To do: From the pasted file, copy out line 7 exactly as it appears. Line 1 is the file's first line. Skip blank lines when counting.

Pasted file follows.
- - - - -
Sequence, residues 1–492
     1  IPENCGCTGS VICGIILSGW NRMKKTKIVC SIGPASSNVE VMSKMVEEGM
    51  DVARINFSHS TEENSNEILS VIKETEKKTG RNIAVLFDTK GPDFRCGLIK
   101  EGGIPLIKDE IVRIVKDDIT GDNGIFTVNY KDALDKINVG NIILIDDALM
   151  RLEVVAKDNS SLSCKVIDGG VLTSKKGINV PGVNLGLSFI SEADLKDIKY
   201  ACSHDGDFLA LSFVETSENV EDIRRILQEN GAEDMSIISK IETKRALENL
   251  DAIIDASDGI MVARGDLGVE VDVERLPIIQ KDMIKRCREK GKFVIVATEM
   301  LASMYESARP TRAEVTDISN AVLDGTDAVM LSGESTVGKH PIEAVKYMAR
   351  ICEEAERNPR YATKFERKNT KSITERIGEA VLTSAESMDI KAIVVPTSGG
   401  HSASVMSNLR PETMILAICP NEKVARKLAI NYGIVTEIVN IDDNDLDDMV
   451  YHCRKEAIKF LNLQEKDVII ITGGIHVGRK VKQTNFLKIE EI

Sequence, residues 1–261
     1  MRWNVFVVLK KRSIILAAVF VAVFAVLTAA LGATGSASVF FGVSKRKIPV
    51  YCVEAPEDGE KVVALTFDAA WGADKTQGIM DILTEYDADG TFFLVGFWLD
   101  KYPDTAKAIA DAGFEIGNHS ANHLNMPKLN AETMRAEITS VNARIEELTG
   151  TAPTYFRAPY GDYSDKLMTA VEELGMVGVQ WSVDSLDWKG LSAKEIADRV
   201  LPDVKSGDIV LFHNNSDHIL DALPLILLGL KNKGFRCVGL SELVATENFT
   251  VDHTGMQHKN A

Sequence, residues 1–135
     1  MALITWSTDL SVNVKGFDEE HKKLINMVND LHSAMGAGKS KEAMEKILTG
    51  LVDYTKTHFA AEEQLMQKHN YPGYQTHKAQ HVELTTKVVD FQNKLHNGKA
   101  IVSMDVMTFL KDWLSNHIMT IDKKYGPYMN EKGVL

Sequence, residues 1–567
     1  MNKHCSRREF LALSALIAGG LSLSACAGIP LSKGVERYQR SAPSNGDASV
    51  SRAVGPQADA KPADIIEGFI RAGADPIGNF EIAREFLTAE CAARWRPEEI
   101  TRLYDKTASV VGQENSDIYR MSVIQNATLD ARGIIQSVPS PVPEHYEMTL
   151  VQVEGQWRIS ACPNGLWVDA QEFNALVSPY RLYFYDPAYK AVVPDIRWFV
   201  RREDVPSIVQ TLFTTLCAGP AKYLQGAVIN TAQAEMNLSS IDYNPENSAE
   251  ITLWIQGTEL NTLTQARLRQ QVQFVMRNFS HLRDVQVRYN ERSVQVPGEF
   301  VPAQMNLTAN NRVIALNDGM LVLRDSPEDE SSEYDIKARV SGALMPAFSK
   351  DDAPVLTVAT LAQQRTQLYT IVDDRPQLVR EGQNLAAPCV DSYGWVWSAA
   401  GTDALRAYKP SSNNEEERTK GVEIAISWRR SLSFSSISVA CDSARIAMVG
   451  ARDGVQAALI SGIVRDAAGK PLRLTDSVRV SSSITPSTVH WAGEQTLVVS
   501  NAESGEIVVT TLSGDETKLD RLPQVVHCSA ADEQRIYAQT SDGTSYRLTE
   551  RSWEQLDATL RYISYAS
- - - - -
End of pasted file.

   251  DAIIDASDGI MVARGDLGVE VDVERLPIIQ KDMIKRCREK GKFVIVATEM